This article was originally published on Schmopera.com in 2017. It is being reposted here with the author’s permission.
Though you indeed are whispering, everyone around you can still hear the conversation you insist on having during the show. You see, everyone else is quiet, and the only sounds we’re expecting to hear are from the stage. That means that your whispering is not only audible, but quite difficult to ignore.
We are not convinced that your conversation is important and time-sensitive, because nothing you said to each other caused any of you to stand up and deal with a medical emergency or a house fire or an imminent parking ticket.
We can only conclude that you all felt entitled to your chatter, even in the presence of other paying audience members, and the performers (who can also definitely hear you).
Important as your very audible conversation is, more important seems to be your need to monitor your phone. You see, in a dark room, sources of light are more noticeable. The screen on your phone is indeed quite bright, a concept you seem to vaguely understand, judging from your habit of cupping your hands around your phone as you check on what are obviously very important Facebook notifications.
“Maybe you were hangry, or maybe you fell asleep.”
Some of you seem to think your purses are black holes, sucking in any surrounding light and making it a non-disruptive way of being on your phone. Your purses are no such thing; rather, when you “stealthily” check your phone from within your bag, your neighbours are treated to a clear picture of its interior contents, freshly illuminated. On the plus side, the blue-striped lining of your purse is quite cute.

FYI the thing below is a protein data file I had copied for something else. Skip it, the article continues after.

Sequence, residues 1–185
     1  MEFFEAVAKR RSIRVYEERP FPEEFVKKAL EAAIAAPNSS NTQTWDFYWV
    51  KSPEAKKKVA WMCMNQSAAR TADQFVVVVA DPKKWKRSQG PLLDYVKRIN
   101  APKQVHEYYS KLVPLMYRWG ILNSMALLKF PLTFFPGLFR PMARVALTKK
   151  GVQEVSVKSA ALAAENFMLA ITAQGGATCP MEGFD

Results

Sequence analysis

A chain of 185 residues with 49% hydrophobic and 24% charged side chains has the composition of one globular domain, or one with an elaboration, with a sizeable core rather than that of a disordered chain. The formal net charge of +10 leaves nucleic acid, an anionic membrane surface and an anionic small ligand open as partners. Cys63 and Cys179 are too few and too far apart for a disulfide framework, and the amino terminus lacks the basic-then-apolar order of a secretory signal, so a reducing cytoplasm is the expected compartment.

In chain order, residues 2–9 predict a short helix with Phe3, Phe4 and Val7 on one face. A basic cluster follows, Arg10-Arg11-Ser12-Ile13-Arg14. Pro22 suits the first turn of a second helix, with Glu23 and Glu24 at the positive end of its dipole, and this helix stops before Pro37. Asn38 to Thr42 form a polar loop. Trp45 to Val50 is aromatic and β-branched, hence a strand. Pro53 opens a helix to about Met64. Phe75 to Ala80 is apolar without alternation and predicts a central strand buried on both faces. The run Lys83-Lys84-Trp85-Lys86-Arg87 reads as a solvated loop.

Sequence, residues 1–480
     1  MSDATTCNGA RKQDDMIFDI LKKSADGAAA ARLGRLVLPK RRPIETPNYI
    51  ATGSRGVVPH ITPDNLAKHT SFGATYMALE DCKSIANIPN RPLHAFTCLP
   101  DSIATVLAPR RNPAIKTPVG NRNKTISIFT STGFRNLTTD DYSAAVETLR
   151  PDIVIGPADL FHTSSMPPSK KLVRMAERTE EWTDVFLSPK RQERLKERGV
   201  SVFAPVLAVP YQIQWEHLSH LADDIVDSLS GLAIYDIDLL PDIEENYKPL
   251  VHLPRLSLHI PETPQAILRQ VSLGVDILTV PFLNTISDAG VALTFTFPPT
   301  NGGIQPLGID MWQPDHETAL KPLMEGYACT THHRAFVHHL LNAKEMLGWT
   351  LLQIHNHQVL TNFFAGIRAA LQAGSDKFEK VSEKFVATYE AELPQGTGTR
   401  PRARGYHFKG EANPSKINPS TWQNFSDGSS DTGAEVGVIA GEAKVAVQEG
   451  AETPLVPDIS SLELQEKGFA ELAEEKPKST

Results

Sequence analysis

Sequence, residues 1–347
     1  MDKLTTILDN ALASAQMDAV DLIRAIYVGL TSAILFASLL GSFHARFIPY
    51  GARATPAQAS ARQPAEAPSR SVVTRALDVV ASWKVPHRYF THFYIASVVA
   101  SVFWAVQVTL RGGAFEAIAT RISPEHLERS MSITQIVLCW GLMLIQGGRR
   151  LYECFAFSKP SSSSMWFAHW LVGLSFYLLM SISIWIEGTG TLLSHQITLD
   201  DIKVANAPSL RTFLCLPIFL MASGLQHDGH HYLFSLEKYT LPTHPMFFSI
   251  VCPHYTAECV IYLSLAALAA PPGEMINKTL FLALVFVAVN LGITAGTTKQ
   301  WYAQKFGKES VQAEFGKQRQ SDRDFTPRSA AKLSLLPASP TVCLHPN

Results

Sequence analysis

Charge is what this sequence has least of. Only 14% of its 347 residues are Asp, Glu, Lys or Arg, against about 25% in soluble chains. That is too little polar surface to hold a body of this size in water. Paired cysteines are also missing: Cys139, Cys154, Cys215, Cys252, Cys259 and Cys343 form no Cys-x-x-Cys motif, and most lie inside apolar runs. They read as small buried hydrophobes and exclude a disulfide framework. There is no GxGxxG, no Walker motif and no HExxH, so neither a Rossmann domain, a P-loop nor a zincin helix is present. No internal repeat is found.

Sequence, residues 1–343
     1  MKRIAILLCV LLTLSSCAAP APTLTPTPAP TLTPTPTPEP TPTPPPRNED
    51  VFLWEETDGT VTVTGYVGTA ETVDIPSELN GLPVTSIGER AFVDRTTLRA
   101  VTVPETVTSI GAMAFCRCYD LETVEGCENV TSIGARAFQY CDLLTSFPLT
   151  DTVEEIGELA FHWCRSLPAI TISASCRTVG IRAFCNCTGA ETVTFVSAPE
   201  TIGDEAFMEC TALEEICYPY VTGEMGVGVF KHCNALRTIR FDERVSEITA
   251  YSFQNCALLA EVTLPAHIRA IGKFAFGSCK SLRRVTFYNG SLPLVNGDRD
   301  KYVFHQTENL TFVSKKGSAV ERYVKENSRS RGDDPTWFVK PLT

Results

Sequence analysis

Perhaps more irksome than the distracting iPhone fireflies coming from house left is the apparent lack of an attention span, at least compared to what one would expect of grown adults who chose to attend a live show. We are dismayed by your selfishness and childlike boredom. It’s a sad fact in itself, and it’s quite appalling that, despite the obvious addiction you have to your phones, you still decided to come and spend an evening at the opera.
We encourage opera-going for all, but if two hours of paying attention to something other than your phone is too much to ask, maybe you’re not yet ready to watch a show that is not about you.
Maybe you were dragged to the opera against your will. Maybe you were guilted into seeing the show, because you knew someone in it. Maybe you were hangry, or maybe you fell asleep. Or maybe Occam’s Razor applies to you and your simply a disruptive crew of rude, phone-addicted people who can’t read the room.
In any case, you must work on your manners. You are not at a zoo. You are not the only people here. You are already watching a show, and the one on your phone will wait until intermission.
And please don’t stop coming to the opera, because it is a cure for your abysmal attention spans.